Notes Concerning Producer
Song of the South is a 1946 American live-action/animated musical film produced by Walt Disney Studios and released by RKO Radio Pictures, based on the Uncle Remus stories written by Joel Chandler Harris of Atlanta, Georgia. You may go to 11.11.01 to see the Society’s review of Joel Chandler Harris’s stories collected together into a sizable book. They are available as reprint hardbound books and as e-books.
This was Disney’s first feature film using live actors, who provide a sentimental frame story for several animated segments. The film depicts the character Uncle Remus – an African-American former slave – cheerfully relating to several children – both black and white – the folk tales of the adventures of Br’er Rabbit and his friends. The film’s leading song “Zip-a-Dee-Doo-Dah,” won the 1947 Academy Award for Best Song of the year. The song has become widely used in popular culture both North and South.
This movie, an early application of mixed live people and animation, in color, was a great hit in 1946. Children loved it. It stared James Baskett as Uncle Remus and Bobby Driscoll as the white youth who interacts with Uncle Remus and his friends. The story is set in rural Georgia during the latter 1800’s.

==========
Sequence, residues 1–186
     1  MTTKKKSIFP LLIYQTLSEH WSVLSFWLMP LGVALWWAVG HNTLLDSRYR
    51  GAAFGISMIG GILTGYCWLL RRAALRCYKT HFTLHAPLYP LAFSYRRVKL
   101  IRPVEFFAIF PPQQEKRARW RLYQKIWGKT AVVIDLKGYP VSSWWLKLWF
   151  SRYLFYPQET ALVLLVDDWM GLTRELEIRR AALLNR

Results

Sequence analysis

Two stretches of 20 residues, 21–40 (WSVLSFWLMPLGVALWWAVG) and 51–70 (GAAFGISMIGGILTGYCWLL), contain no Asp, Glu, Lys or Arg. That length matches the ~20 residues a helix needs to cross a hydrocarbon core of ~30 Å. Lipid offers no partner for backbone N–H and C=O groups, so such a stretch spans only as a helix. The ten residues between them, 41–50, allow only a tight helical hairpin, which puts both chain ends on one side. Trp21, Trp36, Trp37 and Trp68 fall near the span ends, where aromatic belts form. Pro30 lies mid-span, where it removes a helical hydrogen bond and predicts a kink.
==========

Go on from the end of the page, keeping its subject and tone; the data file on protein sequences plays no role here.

Availability of this Movie
This is a great movie. However, the full movie is not released in America in dvd format. Some VHS tape versions might be found on the internet. The problem is not the quality or potential popularity of the movie. The problem is that a story of a cheerful old black man of the country being helpful to a young white boy just arrived from the city is not politically correct by today’s standards at Disney for portraying African American life. However, you might be able to find a copy produced overseas. Good hunting. If you find a copy for your personal viewing, fine. But if you start making copies and selling them, Disney’s lawyers might come knocking on your door. The book is great, so go to 11.11.01 and get a copy of it.